In mathematics, a generalized inverse of a matrix A is a matrix that has some properties of the inverse matrix of A but not necessarily all of them. Formally, given a matrix and a matrix , is a generalized inverse of if it satisfies the condition .
The purpose of constructing a generalized inverse is to obtain a matrix that can serve as the inverse in some sense for a wider class of matrices than invertible ones. Typically, the generalized inverse exists for an arbitrary matrix, and when a matrix has an inverse, then its inverse and the generalized inverse are the same. Some generalized inverses can be defined in any mathematical structure that involves associative multiplication, that is, in a semigroup.
Types of generalized inverses
The Penrose conditions are used to define different generalized inverses: for and
If satisfies condition (1.), it is a generalized inverse of , if it satisfies conditions (1.) and (2.) then it is a generalized reflexive inverse of , and if it satisfies all 4 conditions, then it is a Moore–Penrose pseudoinverse of .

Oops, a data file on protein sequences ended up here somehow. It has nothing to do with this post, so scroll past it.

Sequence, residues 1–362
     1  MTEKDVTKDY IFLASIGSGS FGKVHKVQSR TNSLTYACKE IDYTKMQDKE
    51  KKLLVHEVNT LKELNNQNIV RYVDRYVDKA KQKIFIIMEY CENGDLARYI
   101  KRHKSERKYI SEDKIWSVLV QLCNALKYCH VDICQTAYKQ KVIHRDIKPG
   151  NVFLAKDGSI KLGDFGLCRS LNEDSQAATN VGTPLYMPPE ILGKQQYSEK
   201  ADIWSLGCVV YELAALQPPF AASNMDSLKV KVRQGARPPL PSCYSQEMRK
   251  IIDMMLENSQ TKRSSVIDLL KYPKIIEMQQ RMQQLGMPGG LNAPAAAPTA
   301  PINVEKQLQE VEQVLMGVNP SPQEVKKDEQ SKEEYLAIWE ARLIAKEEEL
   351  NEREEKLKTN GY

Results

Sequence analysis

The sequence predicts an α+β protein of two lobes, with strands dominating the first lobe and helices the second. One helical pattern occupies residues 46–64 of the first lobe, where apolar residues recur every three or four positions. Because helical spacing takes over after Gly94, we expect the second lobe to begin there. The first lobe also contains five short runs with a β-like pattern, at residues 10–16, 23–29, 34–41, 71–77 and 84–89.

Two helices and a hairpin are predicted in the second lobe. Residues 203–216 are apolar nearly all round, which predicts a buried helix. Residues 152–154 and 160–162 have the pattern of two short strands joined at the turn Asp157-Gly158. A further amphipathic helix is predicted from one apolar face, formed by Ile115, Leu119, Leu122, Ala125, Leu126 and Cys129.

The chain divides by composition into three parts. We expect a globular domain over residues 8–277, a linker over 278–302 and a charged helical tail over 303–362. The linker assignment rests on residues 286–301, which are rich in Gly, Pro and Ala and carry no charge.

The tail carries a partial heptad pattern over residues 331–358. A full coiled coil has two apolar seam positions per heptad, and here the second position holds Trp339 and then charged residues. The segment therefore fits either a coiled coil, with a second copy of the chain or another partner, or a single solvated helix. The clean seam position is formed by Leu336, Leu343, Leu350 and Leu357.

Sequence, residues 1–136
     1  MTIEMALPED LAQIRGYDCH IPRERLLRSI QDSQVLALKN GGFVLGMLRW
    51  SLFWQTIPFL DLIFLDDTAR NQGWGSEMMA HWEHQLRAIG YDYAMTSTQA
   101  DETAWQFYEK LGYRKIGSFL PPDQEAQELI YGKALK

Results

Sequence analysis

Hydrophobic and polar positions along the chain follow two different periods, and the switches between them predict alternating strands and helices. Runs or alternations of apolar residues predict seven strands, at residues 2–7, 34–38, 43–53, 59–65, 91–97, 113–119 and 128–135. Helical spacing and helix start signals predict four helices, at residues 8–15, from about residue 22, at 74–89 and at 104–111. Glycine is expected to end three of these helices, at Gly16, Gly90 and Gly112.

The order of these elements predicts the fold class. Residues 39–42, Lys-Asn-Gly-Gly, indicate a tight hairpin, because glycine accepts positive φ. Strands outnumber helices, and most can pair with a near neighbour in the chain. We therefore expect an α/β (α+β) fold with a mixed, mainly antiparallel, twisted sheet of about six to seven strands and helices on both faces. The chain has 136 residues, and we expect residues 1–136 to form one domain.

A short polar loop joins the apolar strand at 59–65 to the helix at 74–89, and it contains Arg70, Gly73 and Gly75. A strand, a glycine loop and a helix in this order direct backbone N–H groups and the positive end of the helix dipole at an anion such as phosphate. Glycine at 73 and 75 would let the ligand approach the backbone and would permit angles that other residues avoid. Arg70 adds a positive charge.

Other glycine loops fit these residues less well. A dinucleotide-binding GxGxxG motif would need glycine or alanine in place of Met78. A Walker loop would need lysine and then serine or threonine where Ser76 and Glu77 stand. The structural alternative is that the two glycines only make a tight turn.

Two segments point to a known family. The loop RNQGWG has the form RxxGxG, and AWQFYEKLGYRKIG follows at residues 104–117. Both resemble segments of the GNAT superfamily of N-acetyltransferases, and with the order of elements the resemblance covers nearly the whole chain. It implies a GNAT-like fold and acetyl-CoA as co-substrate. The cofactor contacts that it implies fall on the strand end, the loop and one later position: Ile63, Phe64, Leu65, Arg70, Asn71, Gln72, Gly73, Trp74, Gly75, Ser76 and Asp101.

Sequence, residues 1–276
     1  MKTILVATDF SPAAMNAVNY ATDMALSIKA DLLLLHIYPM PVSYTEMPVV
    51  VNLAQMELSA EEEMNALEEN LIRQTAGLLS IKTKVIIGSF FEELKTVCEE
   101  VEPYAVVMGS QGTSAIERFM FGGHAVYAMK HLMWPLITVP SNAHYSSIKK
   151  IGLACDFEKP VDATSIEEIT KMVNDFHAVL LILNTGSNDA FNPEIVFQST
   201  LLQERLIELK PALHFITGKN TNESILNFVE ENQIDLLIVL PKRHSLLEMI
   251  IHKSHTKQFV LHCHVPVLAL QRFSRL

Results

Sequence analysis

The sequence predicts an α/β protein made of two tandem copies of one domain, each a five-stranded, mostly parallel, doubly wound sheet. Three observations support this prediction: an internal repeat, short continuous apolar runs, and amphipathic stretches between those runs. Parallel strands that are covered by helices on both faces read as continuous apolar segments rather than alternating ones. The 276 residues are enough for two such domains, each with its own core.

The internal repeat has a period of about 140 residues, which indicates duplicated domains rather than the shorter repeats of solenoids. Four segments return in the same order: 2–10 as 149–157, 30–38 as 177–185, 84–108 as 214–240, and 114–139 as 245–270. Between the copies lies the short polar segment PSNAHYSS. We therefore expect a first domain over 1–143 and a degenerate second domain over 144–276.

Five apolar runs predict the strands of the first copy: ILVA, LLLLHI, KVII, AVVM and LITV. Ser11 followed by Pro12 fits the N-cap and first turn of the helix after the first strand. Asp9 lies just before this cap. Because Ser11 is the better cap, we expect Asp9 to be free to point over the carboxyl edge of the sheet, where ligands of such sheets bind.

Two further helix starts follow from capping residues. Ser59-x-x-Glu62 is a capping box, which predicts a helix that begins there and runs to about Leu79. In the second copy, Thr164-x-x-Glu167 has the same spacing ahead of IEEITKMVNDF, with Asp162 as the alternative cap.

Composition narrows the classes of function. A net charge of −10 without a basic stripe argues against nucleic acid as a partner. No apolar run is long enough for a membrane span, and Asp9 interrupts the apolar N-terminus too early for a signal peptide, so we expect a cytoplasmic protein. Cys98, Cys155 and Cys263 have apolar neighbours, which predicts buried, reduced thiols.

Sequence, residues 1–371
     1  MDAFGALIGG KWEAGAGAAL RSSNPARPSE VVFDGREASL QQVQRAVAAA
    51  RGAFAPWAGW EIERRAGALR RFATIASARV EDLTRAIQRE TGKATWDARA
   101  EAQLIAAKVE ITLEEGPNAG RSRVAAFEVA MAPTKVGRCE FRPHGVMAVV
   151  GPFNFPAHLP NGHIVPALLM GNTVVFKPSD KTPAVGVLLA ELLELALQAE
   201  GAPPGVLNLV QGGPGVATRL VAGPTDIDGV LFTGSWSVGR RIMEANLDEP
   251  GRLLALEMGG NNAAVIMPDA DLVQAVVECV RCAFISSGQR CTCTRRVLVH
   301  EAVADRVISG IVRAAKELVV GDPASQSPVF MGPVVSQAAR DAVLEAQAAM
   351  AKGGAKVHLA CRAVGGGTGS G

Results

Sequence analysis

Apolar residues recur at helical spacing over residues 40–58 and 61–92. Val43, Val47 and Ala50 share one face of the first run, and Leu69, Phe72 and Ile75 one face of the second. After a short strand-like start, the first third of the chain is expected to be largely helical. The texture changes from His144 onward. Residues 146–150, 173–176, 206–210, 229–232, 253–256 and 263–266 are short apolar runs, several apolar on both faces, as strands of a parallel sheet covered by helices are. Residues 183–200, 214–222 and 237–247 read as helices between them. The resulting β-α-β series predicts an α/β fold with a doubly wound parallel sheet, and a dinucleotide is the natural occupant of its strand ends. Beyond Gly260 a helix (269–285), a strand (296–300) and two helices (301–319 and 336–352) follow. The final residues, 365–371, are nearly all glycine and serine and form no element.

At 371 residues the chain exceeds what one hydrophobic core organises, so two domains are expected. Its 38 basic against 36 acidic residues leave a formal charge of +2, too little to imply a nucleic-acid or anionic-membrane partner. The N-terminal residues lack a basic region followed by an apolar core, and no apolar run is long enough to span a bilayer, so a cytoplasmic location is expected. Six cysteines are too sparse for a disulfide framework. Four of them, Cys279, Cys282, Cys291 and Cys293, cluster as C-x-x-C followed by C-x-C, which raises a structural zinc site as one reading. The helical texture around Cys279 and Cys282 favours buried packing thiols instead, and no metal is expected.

Other various kinds of generalized inverses include
- One-sided inverse (left inverse or right inverse) If the matrix A has dimensions and is full rank then use the left inverse if and the right inverse if
- Left inverse is given by , i.e. where is the identity matrix.
- Right inverse is given by , i.e. where is the identity matrix.
- Drazin inverse
- Bott–Duffin inverse
- Moore–Penrose pseudoinverse
with vector x of unknowns and vector b of constants, all solutions are given by
parametric on the arbitrary vector w, where is any generalized inverse of Solutions exist if and only if is a solution--that is, if and only if
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- 15A09 Matrix inversion, generalized inverses in Mathematics Subject Classification, MathSciNet search
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